Other Thoughts

  • I was at Sweetfrog by the theater the other day waiting for my beautiful girlfriend to meet me and ventured over to see what was playing and realized I had never heard of any of the movies that were playing. You see, Melanie and I cut our cable cord a year or so ago and have not looked back since. Between the internet, Netflix, and Hulu, we don’t miss anything AND we get to save money and not watch all of the commercials. The commercials we see are not the same as they are on actual TV so we never see movie previews. I’m pretty sure they’re all going to be terrible anyway. Anything that’s grandiose enough to win awards is not worth paying to see in theaters anyway when it will be out on VOD and DVD in 2 months.
  • Light beer is disgusting. I use to drink it if it was present at a gathering. I liked it okay. I accidentally bought Yuengling Light the other day and was severely disappointed to taste that flavorless beer when I was expecting delicious Yuengling.
  • Yuengling, for my West Coast compatriots who haven’t heard of it, is a great East Coast beer. It’s like a step above Bud/Coors/Miller in terms of taste and maybe $1 more expensive for a 6-pack, but not quite as expensive or heavy as craft brews. I had never actually heard of Yuengling until I moved to the East Coast, because apparently it isn’t distributed West of the Mississippi. It is the oldest brewery in the country, by the way.
  • I want to have a Podcast in the worst way…. soon…..

Remember everybody, Matthew Maggy says “zip it up and zip it out!”

 

Uber Driving: My First Night

Uber-LogoSeeking some extra cash and loving to drive, I decided to become a driver for Uber, the ride-sharing service.

I had heard about it on an Econ Talk podcast where they interviewed the guy from the “Y Combinator” (a small business incubator) about this Uber company. I’ve used things like Blablacar and Zimride before for a long-distance trip, but this was new. I passed the background and DMV checks, and got the standard iPhone.

Uber Pic

You have to take a picture for your Uber. This is my hastilly taken photo as I was about to begin.

 

What the Heck is Uber?

Tonight was essentially my foray into a low level taxi driving. Errr…uh… I mean “Ride-sharing.” ….. but better. Ride Sharing is where people give each other rides in exchange for money. In this case, the transaction is facilitated by smart-phone apps. Ever call a cab on a Friday night in the city? It takes at least 15 minutes to arrive. My average tonight was 5. It’s also less expensive than taking a regular taxi or so I heard tonight from my customers. To be honest, I don’t think it’s much less, but it’s a much better service.

Preparation For The First Night

Today I had to vacuum and wash my car, so that cost a bit. I spent money on food ( not being home to cook) and drinks. I purchased some water bottles, cookies and gum to offer to riders. They seemed to appreciate that. It’s a good way to keep a 5 star rating (which by the way is pretty much the rating that you have to have).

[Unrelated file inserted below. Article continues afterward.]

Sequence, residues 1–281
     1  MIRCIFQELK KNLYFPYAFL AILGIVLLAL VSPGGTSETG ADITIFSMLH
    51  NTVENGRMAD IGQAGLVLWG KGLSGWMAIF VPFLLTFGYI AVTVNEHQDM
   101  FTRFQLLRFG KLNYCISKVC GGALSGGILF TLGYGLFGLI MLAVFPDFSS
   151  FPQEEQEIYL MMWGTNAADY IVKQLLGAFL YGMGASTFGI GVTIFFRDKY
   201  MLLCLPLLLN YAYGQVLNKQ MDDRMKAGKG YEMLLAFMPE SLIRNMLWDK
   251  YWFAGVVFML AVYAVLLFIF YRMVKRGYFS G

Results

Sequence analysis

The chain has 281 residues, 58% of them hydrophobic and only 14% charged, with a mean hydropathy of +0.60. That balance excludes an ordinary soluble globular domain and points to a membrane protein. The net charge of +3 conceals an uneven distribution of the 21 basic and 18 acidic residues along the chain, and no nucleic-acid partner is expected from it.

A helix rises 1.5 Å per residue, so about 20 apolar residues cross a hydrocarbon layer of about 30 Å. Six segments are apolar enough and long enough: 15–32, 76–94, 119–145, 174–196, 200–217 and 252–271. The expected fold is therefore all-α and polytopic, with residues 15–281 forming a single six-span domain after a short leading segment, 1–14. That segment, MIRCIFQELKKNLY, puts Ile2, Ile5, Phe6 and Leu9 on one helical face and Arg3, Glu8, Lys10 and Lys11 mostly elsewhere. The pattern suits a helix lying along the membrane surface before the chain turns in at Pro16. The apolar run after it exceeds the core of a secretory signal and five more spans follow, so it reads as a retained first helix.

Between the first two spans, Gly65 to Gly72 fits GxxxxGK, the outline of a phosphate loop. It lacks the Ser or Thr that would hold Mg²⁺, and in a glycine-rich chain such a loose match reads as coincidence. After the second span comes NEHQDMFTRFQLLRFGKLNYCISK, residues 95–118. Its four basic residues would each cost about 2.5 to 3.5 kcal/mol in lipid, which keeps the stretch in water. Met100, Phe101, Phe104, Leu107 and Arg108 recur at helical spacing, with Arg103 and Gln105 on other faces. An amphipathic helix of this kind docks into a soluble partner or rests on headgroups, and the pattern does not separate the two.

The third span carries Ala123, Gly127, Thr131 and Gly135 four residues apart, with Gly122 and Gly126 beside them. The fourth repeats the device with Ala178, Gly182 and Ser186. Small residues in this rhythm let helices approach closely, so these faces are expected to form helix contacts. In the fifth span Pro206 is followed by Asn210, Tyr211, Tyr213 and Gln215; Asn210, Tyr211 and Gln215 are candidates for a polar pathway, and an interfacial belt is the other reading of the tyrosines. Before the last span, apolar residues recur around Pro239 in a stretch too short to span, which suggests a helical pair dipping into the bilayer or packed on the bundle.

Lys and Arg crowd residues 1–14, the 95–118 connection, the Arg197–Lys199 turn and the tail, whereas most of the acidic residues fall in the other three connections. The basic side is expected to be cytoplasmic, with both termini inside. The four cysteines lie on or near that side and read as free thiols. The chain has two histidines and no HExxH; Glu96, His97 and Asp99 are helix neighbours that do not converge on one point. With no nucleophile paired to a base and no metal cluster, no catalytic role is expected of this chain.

The Riders

This was many of my riders’ first time using Uber. That means it’s catching on more and more, which is good for business.

My first riders were two girls to the train station to catch the bus up to Washington DC. Nice girls. Easy ride, minus the evening traffic.

My second was taking a rider from North Richmond to Henrico to see her friend perform comedy at some sort of biker bar. I missed the freeway exit, did some weird stuff with the GPS again ,and passed the bar. I felt so terrible because it was increasing the miles on her. I’m sure it wasn’t much more (like 10 cents) but still!

On a fourth fare, a group of girls that I picked up on Franklin celebrating their graduation from Dental school, I tried to zoom on a map to find out that girls’ cross street and made the app say that I had arrived when I hadn’t. I had to call the girl to find them. Then, when I finally got there, the Uber app on my Uber-issued iPhone froze and crashed! I drove them roughly 1 mile down the street and dropped them off at a restaurant in Shockoe Bottom.

Then the Uber app restarted.

Then there was a guy who was going to get a video from the video store, pick up a pizza, and have a chill night in. Then his car breaks down, so I took him to get the pizza and took him to his house. He said he would get his car tomorrow. Their was also the “bros” from UofR and the group of girls going to “the club.”

And so…many…one-way….streets…

 Results

I made out okay. I didn’t lose money. I worked 4.5 hours and what I made equates to about $6/hour, which is after I account for upfront costs I had to get my car washed, which was about due anyway. I bought bottled water. And  I probably bought more drinks and snacks than I should have. I won’t make that mistake again.

I think it’s a worthy endeavor for the spare time. I have a feeling if I worked from around 9 PM to 3 or 4  AM on Friday and Saturday that I could make major bucks. I can’t because it conflicts with the Richmond Tour Guys Walking Tour, Saturday and Sunday at 10:30 AM meeting near 500 Tredegar St. by the river in Richmond.

Yeah… I’m a bit of a shameless promoter.